Joe Cole


I used to stop by to see Joe Cole on my way from Houston to Austin. He lived in a cabin on Joe Cole Road out of Smithville. We would sit on his porch and he would tell me stories about his family who were pioneers in the area. He always wanted to live to be 100, but he died at almost 98 in 1999. He would take me inside his house to look at all of the things he collected throughout the years. He even showed me the 45cal gun that he slept with under his pillow.


 

Joe's mother was Rosa Berry Cole. Rosa was raised by her paternal grandmother, the oldest child of Markham and Nancy Kenner. Markam Kenner according to Rosa (Cole, 1987, p.1) was part Irish, a big six-footer with flush complexion, red hair and blue eyes. He was a very rough, gruff man with a loud voice and a curse word at the end of anything he had to say. His hobby was wine and women. Nancy was a meek, God-fearing woman, tall, straight, and slender. Nancy's granddad Alley was a doctor in Tennessee. He was well-to-do owning a plantation with Negro slaves working for him. His wife had TB the last twenty years of her life. She was half-Indian, probably Cherokee. Markham and Nancy moved to the uncivilized mountains of West Virginia to a log cabin in the woods after Markham's father told him that the world was free and for him to go make his start if he wanted one. They stayed there awhile, but finally went back to Tennessee when he and his sister, Betsy Berry, became owners of a farm in the mountains of Stinking Creek.

Rosa's grandma, Lucinda, was the third oldest child. She was born August 8, 1814. She was raised by slaves and never had been taught to rough it. She had Negroes to do all of the work and had only her music, reading and embroideering to think of. (Cole, 1987, p.3) When the old doctor died Nancy got some land and some of the Negroes. Markham talked her into making a deed to her land, but she wouldn't make a deed to the Negroes. She gave them back to her folks to keep until they reached the age of sixty-five, and then asked that they be set free. One negro woman, Martha, would not leave her and came with her when she came to Texas. Thomas Owens Berry was their guide on Texas soil. After reaching Texas it took them ten days to get to Woods Prairie, a settlement on the Colorado River in September, 1832 (Cole, 1987, p.11).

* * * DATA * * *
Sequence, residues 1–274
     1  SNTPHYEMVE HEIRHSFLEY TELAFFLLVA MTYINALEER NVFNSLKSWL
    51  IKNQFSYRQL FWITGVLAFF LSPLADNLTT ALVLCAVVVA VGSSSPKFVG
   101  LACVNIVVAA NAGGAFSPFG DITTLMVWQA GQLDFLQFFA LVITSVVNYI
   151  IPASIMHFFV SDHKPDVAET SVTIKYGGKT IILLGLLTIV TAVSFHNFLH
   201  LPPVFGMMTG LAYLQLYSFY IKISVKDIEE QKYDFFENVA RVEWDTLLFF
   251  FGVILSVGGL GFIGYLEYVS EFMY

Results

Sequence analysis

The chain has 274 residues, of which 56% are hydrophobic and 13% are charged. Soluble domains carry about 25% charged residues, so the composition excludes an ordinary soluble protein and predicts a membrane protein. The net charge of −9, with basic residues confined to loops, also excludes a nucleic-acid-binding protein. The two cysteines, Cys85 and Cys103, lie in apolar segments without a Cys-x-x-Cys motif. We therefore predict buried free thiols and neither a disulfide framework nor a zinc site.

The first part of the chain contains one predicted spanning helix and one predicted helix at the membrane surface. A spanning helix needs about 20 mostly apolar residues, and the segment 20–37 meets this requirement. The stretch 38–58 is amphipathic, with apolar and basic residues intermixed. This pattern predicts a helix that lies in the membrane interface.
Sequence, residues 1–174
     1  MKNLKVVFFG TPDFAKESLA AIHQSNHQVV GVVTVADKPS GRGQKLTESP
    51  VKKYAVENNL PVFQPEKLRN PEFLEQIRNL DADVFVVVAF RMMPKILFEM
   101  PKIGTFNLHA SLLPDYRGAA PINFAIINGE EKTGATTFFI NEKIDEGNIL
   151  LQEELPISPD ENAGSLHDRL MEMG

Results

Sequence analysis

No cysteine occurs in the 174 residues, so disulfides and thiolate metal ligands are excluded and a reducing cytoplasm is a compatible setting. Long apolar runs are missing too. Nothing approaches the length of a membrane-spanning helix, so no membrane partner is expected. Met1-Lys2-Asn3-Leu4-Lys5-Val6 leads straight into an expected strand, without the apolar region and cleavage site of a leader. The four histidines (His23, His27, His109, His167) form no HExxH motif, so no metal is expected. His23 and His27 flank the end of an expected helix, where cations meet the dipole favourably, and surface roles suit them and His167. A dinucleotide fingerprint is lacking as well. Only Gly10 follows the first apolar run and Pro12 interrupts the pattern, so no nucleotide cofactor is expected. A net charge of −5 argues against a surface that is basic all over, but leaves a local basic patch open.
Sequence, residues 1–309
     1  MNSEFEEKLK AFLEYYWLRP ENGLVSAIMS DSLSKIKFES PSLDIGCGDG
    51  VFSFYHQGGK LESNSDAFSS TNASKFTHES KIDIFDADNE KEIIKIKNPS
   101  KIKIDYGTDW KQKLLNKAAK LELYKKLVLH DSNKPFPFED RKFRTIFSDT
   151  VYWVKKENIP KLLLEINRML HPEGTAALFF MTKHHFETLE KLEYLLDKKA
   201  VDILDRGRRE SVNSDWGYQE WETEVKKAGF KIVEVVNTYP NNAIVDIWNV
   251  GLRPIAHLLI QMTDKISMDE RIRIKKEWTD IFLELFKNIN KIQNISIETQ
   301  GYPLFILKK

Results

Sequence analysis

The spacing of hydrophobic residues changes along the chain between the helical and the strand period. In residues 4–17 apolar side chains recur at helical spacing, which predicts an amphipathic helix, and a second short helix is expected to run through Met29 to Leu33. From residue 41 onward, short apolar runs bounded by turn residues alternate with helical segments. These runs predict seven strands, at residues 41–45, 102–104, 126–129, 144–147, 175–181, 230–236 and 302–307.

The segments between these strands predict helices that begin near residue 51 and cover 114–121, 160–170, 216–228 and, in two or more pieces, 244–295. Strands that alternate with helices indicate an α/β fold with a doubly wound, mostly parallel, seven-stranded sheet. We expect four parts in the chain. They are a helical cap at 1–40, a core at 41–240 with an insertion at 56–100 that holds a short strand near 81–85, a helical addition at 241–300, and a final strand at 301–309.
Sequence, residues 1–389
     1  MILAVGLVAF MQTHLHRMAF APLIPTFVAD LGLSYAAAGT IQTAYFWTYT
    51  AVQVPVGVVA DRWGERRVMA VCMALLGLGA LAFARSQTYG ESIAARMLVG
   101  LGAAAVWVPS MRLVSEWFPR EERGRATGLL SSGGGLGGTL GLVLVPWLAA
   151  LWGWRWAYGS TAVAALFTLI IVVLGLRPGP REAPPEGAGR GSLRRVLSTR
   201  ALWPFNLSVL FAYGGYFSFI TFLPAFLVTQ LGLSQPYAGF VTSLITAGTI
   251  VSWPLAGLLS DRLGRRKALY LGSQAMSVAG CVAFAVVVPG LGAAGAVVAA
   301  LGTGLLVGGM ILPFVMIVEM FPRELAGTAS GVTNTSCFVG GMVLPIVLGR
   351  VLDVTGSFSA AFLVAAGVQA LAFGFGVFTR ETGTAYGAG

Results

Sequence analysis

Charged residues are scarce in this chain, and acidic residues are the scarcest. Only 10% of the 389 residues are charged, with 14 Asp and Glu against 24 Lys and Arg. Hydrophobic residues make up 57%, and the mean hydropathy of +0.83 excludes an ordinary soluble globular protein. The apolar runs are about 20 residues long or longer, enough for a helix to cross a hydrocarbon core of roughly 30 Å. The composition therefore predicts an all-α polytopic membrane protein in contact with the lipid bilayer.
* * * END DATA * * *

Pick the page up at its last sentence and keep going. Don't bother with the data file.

Tom Berry and Lucinda Kenner fell in love in 1832 and were married in 1833. Tom was in his late 30's or early 40's and Lucinda was a girl of 17. They moved to a 10 x 12 foot cedar log house on the bluff of the Colorado River. The house was so close to the river that you could stand in the back door and throw a rock into it (Cole, 1987, p.12). William Thomas Berry, Rosa's father and Joe's grandfather was born in the cabin October 23, 1834.

The old home was sold and in 1911 the family moved to a place two miles from Muldoon, where they improved a forty acre plot. They dealt in cattle and farmed a little acording to his mother (Cole, 1987, p. 57). They lived there until 1921 and moved on the Hill place which they rented. It was across the Colorado River, the same river the Berry's settled on in 1832.


Photos of Joe & his cabin

Joe Cole's visit to Barton Creek Cemetery in 1958

Joe Cole's' Death Record


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